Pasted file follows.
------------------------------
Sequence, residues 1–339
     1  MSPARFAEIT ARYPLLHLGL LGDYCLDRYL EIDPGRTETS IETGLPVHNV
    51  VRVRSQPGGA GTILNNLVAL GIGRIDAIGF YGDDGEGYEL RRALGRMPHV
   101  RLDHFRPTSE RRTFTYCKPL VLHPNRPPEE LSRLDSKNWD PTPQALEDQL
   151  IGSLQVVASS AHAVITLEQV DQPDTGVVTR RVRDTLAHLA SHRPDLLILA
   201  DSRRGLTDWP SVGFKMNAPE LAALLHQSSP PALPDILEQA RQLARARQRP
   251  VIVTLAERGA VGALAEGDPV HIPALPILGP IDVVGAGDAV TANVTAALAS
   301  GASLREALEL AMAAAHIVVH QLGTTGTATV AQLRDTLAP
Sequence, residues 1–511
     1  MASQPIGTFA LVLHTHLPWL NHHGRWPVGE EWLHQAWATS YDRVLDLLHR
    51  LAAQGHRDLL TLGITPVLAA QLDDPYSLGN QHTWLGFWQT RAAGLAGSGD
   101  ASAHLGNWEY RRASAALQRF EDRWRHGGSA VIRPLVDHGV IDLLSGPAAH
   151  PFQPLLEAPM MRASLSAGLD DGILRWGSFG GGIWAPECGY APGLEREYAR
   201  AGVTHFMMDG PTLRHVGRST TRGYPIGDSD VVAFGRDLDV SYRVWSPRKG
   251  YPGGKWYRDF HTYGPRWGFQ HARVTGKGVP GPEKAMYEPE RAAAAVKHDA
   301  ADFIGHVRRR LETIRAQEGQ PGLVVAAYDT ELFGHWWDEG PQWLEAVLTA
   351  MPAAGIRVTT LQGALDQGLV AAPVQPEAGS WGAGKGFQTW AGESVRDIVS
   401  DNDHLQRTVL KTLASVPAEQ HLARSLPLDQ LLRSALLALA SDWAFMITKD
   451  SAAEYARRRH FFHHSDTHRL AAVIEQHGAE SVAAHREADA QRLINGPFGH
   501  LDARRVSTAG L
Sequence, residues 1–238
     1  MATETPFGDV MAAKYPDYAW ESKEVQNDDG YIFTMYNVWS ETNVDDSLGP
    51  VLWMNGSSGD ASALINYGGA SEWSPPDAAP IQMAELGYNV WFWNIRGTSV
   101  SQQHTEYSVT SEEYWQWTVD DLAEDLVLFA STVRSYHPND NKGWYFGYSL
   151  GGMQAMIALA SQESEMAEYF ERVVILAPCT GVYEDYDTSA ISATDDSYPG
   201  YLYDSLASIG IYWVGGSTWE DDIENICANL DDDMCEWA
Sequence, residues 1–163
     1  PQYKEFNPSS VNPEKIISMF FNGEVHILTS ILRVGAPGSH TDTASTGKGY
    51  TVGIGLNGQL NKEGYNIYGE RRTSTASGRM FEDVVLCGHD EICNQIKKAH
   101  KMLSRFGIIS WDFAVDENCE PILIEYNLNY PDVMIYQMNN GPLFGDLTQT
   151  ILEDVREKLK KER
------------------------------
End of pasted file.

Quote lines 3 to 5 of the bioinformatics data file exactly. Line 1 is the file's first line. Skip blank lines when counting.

    51  VRVRSQPGGA GTILNNLVAL GIGRIDAIGF YGDDGEGYEL RRALGRMPHV
   101  RLDHFRPTSE RRTFTYCKPL VLHPNRPPEE LSRLDSKNWD PTPQALEDQL
   151  IGSLQVVASS AHAVITLEQV DQPDTGVVTR RVRDTLAHLA SHRPDLLILA